This paper examines the recent process of transformation within the World Bank as a series of reactive mediations to the crisis-laden course of capitalist development on a global scale over the last two decades. Two aspects of the Bank’s attempt to construct a new development agenda as a response to contradictions emergent within neoliberal-style social restructuring are highlighted. First, it has embraced the theoretical trends and policy implications of institutional economics. Second, it has refashioned its relations with client countries and their civil societies under the rubrics of “ownership,” “participation” and “empowerment.” The paper proceeds to indicate why the Bank’s current reformulation of development theory presents itself within mainstream theoretical paradigms as an appropriate prescription to counter the crisis of neoliberal-style social restructuring. Concurrently, on the basis of a materialist critique of capitalist development, the paper proceeds to indicate the substantive limits to these present reforms by indicating their theoretical weaknesses and their practical contradictions.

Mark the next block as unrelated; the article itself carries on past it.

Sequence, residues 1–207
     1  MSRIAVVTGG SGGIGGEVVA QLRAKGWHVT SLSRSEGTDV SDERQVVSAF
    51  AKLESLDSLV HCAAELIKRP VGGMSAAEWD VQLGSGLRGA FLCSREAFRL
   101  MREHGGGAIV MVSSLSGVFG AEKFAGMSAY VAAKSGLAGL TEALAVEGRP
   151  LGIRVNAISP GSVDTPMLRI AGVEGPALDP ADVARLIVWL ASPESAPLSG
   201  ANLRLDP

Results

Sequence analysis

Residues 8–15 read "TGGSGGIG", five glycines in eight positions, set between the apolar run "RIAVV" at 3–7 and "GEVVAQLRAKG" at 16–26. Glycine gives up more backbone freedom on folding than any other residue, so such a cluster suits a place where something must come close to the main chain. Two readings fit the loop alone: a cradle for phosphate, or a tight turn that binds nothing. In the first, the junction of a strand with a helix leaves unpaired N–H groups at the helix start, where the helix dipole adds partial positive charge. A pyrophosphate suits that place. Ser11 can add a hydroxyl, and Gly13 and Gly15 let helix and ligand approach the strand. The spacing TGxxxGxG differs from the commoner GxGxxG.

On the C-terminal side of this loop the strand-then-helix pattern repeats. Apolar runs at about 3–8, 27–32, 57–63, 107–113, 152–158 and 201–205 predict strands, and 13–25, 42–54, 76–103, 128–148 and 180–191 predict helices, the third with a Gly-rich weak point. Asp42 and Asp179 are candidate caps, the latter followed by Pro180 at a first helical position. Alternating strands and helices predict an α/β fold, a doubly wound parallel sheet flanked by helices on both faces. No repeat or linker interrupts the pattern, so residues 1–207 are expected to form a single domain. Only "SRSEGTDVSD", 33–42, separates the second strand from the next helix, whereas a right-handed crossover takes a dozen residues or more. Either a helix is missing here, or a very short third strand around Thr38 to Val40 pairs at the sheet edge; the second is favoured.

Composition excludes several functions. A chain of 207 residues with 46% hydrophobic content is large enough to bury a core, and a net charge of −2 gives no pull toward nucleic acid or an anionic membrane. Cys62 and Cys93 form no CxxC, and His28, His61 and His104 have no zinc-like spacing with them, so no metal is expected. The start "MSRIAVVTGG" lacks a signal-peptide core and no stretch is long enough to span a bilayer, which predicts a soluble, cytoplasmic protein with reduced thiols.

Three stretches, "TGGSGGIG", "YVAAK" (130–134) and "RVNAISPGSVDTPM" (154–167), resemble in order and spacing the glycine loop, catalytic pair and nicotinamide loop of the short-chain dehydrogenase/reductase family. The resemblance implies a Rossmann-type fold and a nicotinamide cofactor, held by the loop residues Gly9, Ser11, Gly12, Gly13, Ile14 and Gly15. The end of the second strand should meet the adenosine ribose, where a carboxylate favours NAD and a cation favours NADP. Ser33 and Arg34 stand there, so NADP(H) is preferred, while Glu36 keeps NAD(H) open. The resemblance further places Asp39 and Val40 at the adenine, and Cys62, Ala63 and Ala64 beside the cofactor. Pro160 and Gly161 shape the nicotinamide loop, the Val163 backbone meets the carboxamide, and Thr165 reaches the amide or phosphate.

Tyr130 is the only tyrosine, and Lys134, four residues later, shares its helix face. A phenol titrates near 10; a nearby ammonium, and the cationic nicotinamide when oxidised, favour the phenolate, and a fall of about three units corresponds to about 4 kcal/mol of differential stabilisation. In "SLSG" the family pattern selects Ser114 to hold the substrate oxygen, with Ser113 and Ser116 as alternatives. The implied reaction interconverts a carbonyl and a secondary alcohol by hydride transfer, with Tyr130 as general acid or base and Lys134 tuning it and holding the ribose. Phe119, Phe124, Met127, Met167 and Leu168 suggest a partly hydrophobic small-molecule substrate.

Taylor, M. (2004), "RESPONDING TO NEOLIBERALISM IN CRISIS: DISCIPLINE AND EMPOWERMENT IN THE WORLD BANK’S NEW DEVELOPMENT AGENDA", Zarembka, P. (Ed.) Neoliberalism in Crisis, Accumulation, and Rosa Luxemburg's Legacy (Research in Political Economy, Vol. 21), Emerald Group Publishing Limited, Bingley, pp. 3-30. https://doi.org/10.1016/S0161-7230(04)21001-XDownload as .RIS
Emerald Group Publishing Limited
Copyright © 2004, Emerald Group Publishing Limited